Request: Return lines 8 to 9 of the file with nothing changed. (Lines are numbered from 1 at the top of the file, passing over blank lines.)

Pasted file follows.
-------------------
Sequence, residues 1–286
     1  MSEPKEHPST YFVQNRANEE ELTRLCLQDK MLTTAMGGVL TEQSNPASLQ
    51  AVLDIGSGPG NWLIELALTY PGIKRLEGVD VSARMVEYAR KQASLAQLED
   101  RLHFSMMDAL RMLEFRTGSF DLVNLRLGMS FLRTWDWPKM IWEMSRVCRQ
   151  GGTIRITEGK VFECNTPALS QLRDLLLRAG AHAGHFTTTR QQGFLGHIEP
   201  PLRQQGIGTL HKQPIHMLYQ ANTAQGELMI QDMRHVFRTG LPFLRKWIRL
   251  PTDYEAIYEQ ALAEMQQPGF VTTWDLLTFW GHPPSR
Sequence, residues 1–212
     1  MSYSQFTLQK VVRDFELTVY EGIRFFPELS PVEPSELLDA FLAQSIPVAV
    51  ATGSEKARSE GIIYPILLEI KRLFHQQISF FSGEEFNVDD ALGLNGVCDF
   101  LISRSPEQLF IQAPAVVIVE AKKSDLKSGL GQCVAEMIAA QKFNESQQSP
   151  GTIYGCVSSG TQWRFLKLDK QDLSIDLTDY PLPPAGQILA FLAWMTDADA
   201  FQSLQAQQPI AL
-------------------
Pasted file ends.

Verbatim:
Sequence, residues 1–212
     1  MSYSQFTLQK VVRDFELTVY EGIRFFPELS PVEPSELLDA FLAQSIPVAV